{
        if ( event.key.keysym.sym == SDLK_ESCAPE ) { done = 1; }
      }
    }
    keys = SDL_GetKeyState(NULL);
    if(keys[SDLK_UP]) {
      for(int sxu=0; sxu<=32; sxu++) {
        for(int syu=0; syu<=32; syu++) {
          sypos -= 1;
        }
      }
    }
    if(keys[SDLK_DOWN]) {
      for(int sxd=0; sxd<=32; sxd++) {
        for(int syd=0; syd<=32; syd++) {
          sypos +=1;
        }
      }
    }
    if(keys[SDLK_LEFT]) {
      for(int sxl=0; sxl<=32; sxl++) {
        for(int syl=0; syl<=32; syl++) {
          sxpos -= 1;
        }
      }
    }
    if(keys[SDLK_RIGHT]) {
      for(int sxr=0; sxr<=32; sxr++) {
        for(int syr=0; syr<=32; syr++) {
          sxpos += 1;
        }
      }
    }
    drawScene();
  }
  return 0;
}

Thanks.

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if(keys[SDLK_UP]) {
for(int sxu=0; sxu<=32; sxu++) {
for(int syu=0; syu<=32; syu++) {
sypos -= 1;
}
}
}

Not sure what this is trying to accomplish. You want to decrease sypos by 1089?
sxu<=32 means 33 iterations, 33*33. And even then, why loop it, just decrease it by the final calculation.

As for why its not showing, my initial impression is that you don't have a src SDL_Rect in the drawing thing for the sprite, but I'm not sure.

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Quote:
Original post by Meta Adam
Made the sprite come up, but then I pressed right and it disappeared.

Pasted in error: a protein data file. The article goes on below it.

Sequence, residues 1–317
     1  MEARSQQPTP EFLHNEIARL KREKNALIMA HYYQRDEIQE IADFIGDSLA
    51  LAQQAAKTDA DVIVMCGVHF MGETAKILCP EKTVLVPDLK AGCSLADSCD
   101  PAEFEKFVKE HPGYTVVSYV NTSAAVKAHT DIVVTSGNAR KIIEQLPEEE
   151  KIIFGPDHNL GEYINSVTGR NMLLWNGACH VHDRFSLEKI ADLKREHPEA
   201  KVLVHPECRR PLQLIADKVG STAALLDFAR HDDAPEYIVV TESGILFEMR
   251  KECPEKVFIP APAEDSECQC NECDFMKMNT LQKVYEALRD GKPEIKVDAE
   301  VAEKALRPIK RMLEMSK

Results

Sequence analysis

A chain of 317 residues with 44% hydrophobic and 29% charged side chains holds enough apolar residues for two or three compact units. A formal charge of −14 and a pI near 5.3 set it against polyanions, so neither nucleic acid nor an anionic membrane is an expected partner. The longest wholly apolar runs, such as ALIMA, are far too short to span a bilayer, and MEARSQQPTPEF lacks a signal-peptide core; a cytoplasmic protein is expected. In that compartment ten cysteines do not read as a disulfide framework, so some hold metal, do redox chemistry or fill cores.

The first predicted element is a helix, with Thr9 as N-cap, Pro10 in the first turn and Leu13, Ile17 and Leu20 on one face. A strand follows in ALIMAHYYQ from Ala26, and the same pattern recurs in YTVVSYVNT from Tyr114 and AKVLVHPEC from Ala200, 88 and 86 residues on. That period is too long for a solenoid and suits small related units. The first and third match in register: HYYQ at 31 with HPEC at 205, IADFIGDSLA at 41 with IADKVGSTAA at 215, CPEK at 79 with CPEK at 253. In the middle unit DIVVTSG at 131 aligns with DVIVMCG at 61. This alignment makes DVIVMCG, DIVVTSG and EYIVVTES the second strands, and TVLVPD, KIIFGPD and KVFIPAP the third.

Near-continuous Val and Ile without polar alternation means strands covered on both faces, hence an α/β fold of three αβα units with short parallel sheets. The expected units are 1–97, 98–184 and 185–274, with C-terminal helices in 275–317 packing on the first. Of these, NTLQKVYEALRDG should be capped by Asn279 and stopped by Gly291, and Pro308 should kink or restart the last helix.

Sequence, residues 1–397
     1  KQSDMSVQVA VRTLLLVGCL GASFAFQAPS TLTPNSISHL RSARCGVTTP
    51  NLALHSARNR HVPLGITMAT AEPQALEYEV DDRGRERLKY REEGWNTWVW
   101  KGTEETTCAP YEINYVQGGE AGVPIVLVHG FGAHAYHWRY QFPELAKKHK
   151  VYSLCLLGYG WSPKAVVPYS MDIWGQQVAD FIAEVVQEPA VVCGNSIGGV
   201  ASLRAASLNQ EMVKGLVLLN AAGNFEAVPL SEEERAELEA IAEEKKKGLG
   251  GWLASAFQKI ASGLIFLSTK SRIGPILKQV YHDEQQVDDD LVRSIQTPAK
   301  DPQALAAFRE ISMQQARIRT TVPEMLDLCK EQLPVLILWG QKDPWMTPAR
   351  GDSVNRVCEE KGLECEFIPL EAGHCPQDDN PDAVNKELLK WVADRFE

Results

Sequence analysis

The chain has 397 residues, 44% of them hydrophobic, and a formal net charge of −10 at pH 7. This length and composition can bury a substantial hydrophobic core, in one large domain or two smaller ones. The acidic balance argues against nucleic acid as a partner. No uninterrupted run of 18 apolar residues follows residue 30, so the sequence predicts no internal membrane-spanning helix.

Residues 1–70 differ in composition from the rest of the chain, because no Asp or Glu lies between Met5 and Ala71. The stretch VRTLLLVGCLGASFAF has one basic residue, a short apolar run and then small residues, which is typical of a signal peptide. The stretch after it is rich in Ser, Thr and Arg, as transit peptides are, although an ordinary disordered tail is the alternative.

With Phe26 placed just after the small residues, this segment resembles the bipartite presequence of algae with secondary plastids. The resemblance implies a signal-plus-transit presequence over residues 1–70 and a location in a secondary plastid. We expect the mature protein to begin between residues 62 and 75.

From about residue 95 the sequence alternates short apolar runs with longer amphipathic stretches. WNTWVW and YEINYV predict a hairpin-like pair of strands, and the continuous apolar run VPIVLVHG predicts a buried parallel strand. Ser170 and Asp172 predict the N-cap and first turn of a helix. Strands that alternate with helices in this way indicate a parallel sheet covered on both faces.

Heed Inmate2993's advice on movement [wink].

[source lang = "cpp"]
if(keys[SDLK_UP])
{
sypos -= 32;
}
if(keys[SDLK_DOWN]) {
sypos +=32;
}
if(keys[SDLK_LEFT])
{
sxpos -= 32;
}

if(keys[SDLK_RIGHT]) {
sxpos += 32;
}




- Drew

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There, it works now, but the loops were for the sprite, if say down was pressed, it move 1 square, rather than 1 pixel, 1 square is 32 pixels wide and high, so I figured hey add it up in a for loop. Also, I want it to slide there with 1 press, not just appear there.

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Quote:
Original post by Meta Adam
There, it works now, but the loops were for the sprite, if say down was pressed, it move 1 square, rather than 1 pixel, 1 square is 32 pixels wide and high, so I figured hey add it up in a for loop. Also, I want it to slide there with 1 press, not just appear there.


Ahh yes - that's a better idea than what I posted. Glad it works!

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Quote:
Original post by Meta Adam
Ahh, I just changed it back to 1, said heck with it, lol, but the next question is, collision detection?


This tutorial from Cone3D should be what you need. Basically you compare "bounding boxes" of the object with each other and handle the even if they overlap. Go ahead and take a look at that - I know of a few more tutorials on collisions, but I can't find them at the moment.

- Drew